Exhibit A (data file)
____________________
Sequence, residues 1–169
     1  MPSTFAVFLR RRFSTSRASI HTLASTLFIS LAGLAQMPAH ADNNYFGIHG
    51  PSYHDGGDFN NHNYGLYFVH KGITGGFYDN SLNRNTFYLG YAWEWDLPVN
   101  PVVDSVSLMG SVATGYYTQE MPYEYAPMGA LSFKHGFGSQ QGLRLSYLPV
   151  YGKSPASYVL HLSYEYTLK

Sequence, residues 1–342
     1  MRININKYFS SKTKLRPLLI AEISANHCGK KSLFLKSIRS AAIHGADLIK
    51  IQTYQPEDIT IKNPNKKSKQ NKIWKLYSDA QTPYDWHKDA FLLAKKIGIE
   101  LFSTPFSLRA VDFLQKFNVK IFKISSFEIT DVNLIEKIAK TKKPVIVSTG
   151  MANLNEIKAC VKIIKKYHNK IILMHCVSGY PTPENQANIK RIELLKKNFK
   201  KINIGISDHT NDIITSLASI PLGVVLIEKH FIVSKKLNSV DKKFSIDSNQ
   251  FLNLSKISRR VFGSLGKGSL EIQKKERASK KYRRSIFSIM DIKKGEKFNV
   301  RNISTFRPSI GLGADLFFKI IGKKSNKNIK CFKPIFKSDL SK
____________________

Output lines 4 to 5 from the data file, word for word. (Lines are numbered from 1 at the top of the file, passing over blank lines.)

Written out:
   101  PVVDSVSLMG SVATGYYTQE MPYEYAPMGA LSFKHGFGSQ QGLRLSYLPV
   151  YGKSPASYVL HLSYEYTLK